A tooth abscess or root abscess is pus enclosed in the tissues of the jaw bone at the tip of an infected tooth. Usually the abscess originates from a bacterial infection that has accumulated in the soft pulp of the tooth. This is usually but not always associated with what is commonly described as a dull throbbing excruciating ache.
A tooth abscess typically originates from dead pulp tissue, usually caused by untreated tooth decay, cracked teeth or extensive periodontal disease. A failed root canal treatment may also create a similar abscess.
There are two types of dental abscess. A periapical abscess starts in the dental pulp and is most common. A periodontal abscess begins in the supporting bone and tissue structures of the teeth.
Signs and symptoms - Thornhill
The pain is continuous and may be described as extreme, growing, sharp, shooting, or throbbing. Putting pressure or warmth on the tooth may induce extreme pain. The area may be sensitive to touch and possibly swollen as well. This swelling may be present at either the base of the tooth, the gum, and/or the cheek, and sometimes can be reduced by applying ice packs.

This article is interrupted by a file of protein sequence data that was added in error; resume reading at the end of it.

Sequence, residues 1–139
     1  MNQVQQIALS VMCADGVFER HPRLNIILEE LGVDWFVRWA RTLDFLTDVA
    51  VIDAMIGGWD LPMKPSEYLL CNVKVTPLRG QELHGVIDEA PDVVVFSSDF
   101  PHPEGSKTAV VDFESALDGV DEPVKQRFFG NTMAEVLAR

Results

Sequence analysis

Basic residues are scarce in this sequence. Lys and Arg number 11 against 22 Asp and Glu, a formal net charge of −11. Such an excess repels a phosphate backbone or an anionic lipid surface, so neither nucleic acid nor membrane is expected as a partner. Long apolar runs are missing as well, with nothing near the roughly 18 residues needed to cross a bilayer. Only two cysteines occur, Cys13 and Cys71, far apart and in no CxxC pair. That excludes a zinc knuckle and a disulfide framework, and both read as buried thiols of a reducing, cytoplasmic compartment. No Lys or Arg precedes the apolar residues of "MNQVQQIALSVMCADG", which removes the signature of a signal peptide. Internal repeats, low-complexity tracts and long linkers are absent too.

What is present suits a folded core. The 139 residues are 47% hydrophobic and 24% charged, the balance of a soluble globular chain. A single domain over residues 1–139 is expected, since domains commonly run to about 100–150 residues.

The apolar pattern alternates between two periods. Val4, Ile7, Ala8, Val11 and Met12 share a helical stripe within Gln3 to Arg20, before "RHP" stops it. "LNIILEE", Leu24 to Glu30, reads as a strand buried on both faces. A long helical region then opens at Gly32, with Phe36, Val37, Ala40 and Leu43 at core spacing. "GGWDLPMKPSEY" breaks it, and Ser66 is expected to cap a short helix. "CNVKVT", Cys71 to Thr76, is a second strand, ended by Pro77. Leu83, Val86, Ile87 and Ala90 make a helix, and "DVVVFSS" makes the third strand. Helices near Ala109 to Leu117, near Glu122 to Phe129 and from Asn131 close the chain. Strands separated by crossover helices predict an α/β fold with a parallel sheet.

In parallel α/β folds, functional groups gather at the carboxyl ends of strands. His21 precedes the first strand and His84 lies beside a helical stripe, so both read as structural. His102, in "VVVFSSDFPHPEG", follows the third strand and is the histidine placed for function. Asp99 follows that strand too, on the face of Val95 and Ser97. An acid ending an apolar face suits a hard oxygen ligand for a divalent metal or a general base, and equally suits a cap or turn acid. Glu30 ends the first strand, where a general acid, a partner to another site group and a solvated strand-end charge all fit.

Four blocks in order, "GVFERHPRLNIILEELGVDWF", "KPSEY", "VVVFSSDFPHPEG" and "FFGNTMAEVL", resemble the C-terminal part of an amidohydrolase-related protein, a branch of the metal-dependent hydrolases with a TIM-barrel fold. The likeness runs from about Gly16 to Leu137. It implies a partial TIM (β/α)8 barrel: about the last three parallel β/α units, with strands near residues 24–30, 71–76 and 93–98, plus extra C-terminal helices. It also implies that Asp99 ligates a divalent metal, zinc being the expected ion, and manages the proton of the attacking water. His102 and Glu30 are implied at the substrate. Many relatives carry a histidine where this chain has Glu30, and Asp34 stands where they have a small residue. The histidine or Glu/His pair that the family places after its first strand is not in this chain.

An acute abscess may be painless but still have a swelling present on the gum. It is important to get anything that presents like this checked by Dr. Maria Morales Rollinson as it may become chronic later.
In some cases, a tooth abscess may perforate bone and start draining into the surrounding tissues creating local facial swelling. In some cases, the lymph glands in the neck will become swollen and tender in response to the infection. It may even feel like a migraine as the pain can transfer from the infected area. The pain does not normally transfer across the face, only upwards or downwards as the nerves that serve each side of the face are separate.
Severe aching and discomfort on the side of the face where the tooth is infected is also fairly common, with the tooth itself becoming unbearable to touch due to extreme amounts of pain.
Treatment - Thornhill
Successful treatment of a dental abscess centers on the reduction and elimination of the offending organisms. This can include treatment with antibiotics and drainage. If the tooth can be restored, root canal therapy can be performed. Non-restorable teeth must be extracted, followed by curettage of all apical soft tissue.
Unless they are symptomatic, teeth treated with root canal therapy should be evaluated at 1- and 2-year intervals after the root canal therapy to rule out possible lesional enlargement and to ensure appropriate healing.